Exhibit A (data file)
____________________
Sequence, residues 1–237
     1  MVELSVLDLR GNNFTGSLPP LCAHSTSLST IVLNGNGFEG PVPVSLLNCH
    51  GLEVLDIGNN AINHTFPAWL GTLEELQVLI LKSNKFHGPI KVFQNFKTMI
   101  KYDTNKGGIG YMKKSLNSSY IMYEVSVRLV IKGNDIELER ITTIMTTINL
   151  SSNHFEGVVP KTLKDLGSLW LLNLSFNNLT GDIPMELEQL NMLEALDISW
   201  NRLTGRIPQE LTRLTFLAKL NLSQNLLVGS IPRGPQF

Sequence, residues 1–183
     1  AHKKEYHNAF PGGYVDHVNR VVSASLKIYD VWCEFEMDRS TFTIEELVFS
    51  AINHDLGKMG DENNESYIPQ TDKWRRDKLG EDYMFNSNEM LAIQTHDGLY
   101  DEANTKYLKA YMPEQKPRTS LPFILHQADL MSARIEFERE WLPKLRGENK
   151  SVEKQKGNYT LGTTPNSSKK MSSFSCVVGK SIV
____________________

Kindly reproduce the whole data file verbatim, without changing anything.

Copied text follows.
Sequence, residues 1–237
     1  MVELSVLDLR GNNFTGSLPP LCAHSTSLST IVLNGNGFEG PVPVSLLNCH
    51  GLEVLDIGNN AINHTFPAWL GTLEELQVLI LKSNKFHGPI KVFQNFKTMI
   101  KYDTNKGGIG YMKKSLNSSY IMYEVSVRLV IKGNDIELER ITTIMTTINL
   151  SSNHFEGVVP KTLKDLGSLW LLNLSFNNLT GDIPMELEQL NMLEALDISW
   201  NRLTGRIPQE LTRLTFLAKL NLSQNLLVGS IPRGPQF

Sequence, residues 1–183
     1  AHKKEYHNAF PGGYVDHVNR VVSASLKIYD VWCEFEMDRS TFTIEELVFS
    51  AINHDLGKMG DENNESYIPQ TDKWRRDKLG EDYMFNSNEM LAIQTHDGLY
   101  DEANTKYLKA YMPEQKPRTS LPFILHQADL MSARIEFERE WLPKLRGENK
   151  SVEKQKGNYT LGTTPNSSKK MSSFSCVVGK SIV